In the forenoon of 14th November I received orders to withdraw my men and reorganise on original assembly position and collect all men of 190 Infantry Brigade and occupy Roberts trench. Stragglers belonging to 188th and 189th brigades were to be sent back to their HQ. I according collected all men and occupied Roberts Trench until relieved on the morning of 16th Nov when I led my men back into shelters on the Englebelmer - Martinsart Road.

Casualties reported in the War Diaries for RDF and other battalions in the 63rd Division were:-

Battalion Total Men Officers Officers dead Men dead Total Missing Total Wounded Total all casualties
1RM 490 22 6 47 88 221 362
2 RM     3 81   212  
10 RDF 469 24 6 35 57 143 241
4 Beds     14 57 16 108 195
7 Royal F              
1 HAC       81   184  

The next day 190 Brigade troops were assembled at Beaucourt Station with a hodgepodge of men from the previous day. They pushed into the village and formed a line around the eastern edge of the village. The earlier attack resumed in conjunction with this advance and occupied Beaucourt Trench. Two tanks were then sent from Auchonvillers to support the attack on the Strongpoint in Beaucourt Trench, still held by the Germans. The two tanks broke down but the second was in range of the strongpoint which it bombarded with it’s 6-pounder gun. The 10th Dublin Fusiliers took 400 German prisoners when the strongpoint surrendered.

It is difficult to find contemporary photographs of the 10th Dubliners in the field, so I use other contemporary photographs of the Battle of the Ancre to show the conditions they served under.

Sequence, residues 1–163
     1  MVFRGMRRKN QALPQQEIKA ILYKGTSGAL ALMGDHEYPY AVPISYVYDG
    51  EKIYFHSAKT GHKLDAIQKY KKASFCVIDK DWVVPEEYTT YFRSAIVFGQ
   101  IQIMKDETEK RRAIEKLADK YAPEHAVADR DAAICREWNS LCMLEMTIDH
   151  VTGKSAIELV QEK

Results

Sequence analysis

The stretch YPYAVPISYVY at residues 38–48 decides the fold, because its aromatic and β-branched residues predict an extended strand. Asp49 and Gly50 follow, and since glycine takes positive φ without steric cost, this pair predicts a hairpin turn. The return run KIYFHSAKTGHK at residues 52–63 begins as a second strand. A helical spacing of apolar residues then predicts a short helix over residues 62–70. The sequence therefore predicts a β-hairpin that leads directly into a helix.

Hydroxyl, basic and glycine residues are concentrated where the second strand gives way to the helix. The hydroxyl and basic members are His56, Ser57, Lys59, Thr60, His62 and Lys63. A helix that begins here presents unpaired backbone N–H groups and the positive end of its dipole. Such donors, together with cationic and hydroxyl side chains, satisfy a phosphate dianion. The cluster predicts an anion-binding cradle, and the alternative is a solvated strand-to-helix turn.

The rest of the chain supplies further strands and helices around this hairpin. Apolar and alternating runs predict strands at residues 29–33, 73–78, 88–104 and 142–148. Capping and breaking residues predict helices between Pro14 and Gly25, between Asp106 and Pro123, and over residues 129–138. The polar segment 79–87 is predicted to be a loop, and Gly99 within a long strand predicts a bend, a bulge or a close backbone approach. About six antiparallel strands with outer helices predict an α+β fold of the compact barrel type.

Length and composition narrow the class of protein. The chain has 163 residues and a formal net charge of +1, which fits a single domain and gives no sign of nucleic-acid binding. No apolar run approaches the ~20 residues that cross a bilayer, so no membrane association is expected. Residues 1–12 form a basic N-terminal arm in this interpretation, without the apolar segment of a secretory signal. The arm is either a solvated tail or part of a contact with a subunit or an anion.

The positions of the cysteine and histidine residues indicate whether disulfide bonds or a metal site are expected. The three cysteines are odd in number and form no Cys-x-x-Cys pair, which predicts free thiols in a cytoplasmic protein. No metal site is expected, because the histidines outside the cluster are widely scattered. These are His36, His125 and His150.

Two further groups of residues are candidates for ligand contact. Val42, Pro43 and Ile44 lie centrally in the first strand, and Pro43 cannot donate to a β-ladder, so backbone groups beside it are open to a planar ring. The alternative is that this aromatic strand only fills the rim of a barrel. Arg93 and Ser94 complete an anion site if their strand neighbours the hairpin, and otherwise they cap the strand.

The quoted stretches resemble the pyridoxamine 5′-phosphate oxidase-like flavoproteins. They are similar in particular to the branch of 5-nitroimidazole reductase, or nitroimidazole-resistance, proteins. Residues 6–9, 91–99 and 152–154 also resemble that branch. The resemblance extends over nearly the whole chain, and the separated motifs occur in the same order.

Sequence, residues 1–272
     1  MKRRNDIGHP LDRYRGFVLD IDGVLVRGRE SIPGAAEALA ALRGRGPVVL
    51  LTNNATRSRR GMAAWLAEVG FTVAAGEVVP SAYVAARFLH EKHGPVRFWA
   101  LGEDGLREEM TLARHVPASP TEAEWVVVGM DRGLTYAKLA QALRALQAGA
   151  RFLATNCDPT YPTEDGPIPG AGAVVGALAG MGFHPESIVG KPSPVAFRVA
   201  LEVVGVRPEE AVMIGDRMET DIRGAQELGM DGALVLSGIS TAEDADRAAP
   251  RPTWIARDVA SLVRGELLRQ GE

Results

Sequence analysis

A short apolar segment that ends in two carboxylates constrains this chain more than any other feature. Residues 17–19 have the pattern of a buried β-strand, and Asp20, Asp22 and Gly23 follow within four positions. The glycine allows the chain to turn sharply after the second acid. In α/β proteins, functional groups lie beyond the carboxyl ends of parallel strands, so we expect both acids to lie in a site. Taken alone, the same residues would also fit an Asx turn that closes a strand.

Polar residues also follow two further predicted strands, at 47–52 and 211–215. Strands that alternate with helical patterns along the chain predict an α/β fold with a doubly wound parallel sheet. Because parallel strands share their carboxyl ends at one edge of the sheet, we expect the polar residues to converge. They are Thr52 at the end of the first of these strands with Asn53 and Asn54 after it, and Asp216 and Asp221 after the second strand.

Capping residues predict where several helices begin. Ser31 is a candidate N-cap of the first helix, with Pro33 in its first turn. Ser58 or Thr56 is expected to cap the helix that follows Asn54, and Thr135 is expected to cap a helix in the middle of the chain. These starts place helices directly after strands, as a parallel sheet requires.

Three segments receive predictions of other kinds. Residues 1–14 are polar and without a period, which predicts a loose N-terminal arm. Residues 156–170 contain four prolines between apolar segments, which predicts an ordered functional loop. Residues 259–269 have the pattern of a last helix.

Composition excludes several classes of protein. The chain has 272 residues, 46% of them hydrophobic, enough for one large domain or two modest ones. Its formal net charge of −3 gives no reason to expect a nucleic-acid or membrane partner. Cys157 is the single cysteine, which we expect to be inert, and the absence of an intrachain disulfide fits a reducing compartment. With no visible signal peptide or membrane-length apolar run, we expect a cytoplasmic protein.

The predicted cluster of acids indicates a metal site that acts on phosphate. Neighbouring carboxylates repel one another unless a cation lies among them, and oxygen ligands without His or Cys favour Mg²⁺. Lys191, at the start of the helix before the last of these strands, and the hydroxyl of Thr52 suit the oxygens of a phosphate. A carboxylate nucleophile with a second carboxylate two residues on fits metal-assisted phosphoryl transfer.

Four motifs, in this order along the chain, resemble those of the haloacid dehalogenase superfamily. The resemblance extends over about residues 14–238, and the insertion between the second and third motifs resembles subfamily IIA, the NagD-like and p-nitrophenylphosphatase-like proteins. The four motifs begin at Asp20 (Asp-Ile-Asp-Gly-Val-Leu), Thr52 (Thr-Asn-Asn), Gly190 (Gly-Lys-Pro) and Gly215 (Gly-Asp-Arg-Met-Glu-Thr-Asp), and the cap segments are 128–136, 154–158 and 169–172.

Albert church
Royal Irish Rifles
Soldiers with the Albert Church in the background
A ration party of the Royal Irish Rifles
Ancre conditions in Nov 1916
captured German trench
Ancre Battlefield in Nov 1916
Captured German trench
Beaumont trench
evacuating wounded
Near Beaumont Hamel
Evacuating the wounded at the Ancre
barbed wire and mud
German barbed wire
Barbed wire and mud
German barbed wire
German prisoners
Ancre near Hamel
German prisoners
Ancre near Hamel
at White City Trenches from the air
A group of soldiers at White City The trenches from the air
Cheshire reg trench Coordinated attack
Soldier of Cheshire Regt in trench Attack with air cover.
Dead soldiers on the wire Front line
Dead soldiers on the wire Fixing bayonets in front line.
Attack Tank at Somme
Waiting to attack Tank at the Somme
Trench at Somme Trench training manuel
In the trenches Trench training manuel

10th Battalion Royal Dublin Fusiliers